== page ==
By the way, Brooke, these were the same banks that received billions in federal bailout money during the crisis.
BALDWIN: Right, the banks too big to fail.
Karina Huber, thank you very much on this Friday.
BALDWIN: I want you to consider this.
First, the heroes who rushed in to save lives on 9/11 had to fight to get health care. Then no one invited them to this Sunday's ceremony at Ground Zero -- excuse me -- next Sunday, I should say. Now they're getting word there may be a risk for them of cancer. Dr. Sanjay Gupta getting to the bottom of this one.
Also up next, a famous comedian is getting major heat for his wild tirade against Mexicans. Did he cross the line? I want you to decide for yourself. We will share the video with you and his response next.
BALDWIN: Humor, it's a very suggestive thing.
Taken one way, it can break tension, make us all laugh. Taken the wrong way, well, consider this incident some of you are calling hate speech.
This is from a recent Katt Williams stand-up show in Phoenix, Arizona. You're going to see this front-row audience member who happens to be Latino took offense at some of the comic's routine. And here is what ensued.
(BEGIN VIDEO CLIP)
KATT WILLIAMS, COMEDIAN: You think I'm dissing Mexico and I'm defending America. Because you -- are you Mexican? Do you know where Mexico is? No this ain't Mexico. It used to be Mexico (EXPLETIVE DELETED). And now it's Phoenix (EXPLETIVE DELETED).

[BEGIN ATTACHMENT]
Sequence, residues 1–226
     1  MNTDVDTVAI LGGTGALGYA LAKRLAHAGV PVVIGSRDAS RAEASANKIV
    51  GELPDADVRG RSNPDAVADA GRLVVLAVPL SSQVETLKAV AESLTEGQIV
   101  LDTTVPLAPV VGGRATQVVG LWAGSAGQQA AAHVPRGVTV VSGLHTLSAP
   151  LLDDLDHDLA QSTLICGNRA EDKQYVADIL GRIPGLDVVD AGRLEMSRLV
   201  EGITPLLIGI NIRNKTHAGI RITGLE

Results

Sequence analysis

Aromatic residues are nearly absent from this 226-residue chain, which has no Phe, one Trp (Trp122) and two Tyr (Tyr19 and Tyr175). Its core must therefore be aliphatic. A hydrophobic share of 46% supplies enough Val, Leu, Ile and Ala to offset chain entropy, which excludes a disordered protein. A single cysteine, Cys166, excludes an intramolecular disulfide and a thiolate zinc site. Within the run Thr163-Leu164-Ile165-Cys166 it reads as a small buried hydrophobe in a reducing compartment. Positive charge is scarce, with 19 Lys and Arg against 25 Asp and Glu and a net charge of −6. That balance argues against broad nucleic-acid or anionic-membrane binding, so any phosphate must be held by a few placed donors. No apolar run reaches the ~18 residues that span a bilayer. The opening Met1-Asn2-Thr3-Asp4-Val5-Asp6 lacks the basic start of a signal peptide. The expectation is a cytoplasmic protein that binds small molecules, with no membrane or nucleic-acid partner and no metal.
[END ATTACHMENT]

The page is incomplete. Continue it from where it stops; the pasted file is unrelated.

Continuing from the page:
(CHEERING AND APPLAUSE)
WILLIAMS: USA! USA! USA!
(END VIDEO CLIP)
BALDWIN: So that little exchange got the audience member up on its feet, got the crowd riled up, and it's escalated from there. Let's pick it up.
(BEGIN VIDEO CLIP)
WILLIAMS: Do you remember that white people used to say, go back to Africa? And we'd have to tell them, we don't want to?
(CHEERING AND APPLAUSE)
WILLIAMS: So if you love Mexico (EXPLETIVE DELETED) get the (EXPLETIVE DELETED) over there! We were slaves (EXPLETIVE DELETED). You all just work like that at the landscapers.
(END VIDEO CLIP)
BALDWIN: Security guards eventually circled the man's table and he was escorted out of that Katt Williams show.